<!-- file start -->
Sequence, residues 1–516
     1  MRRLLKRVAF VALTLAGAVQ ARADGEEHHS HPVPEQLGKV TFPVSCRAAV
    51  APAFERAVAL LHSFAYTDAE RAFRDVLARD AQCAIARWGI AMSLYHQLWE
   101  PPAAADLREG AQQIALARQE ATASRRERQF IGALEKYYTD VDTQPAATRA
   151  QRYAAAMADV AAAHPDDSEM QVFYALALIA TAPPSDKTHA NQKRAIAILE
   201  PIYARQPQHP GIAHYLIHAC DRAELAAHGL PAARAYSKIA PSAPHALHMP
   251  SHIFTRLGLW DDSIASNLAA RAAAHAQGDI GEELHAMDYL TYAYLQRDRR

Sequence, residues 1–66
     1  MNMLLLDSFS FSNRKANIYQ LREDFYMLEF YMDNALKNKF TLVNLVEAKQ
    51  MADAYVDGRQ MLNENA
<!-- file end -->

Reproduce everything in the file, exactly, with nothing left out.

Sequence, residues 1–516
     1  MRRLLKRVAF VALTLAGAVQ ARADGEEHHS HPVPEQLGKV TFPVSCRAAV
    51  APAFERAVAL LHSFAYTDAE RAFRDVLARD AQCAIARWGI AMSLYHQLWE
   101  PPAAADLREG AQQIALARQE ATASRRERQF IGALEKYYTD VDTQPAATRA
   151  QRYAAAMADV AAAHPDDSEM QVFYALALIA TAPPSDKTHA NQKRAIAILE
   201  PIYARQPQHP GIAHYLIHAC DRAELAAHGL PAARAYSKIA PSAPHALHMP
   251  SHIFTRLGLW DDSIASNLAA RAAAHAQGDI GEELHAMDYL TYAYLQRDRR

Sequence, residues 1–66
     1  MNMLLLDSFS FSNRKANIYQ LREDFYMLEF YMDNALKNKF TLVNLVEAKQ
    51  MADAYVDGRQ MLNENA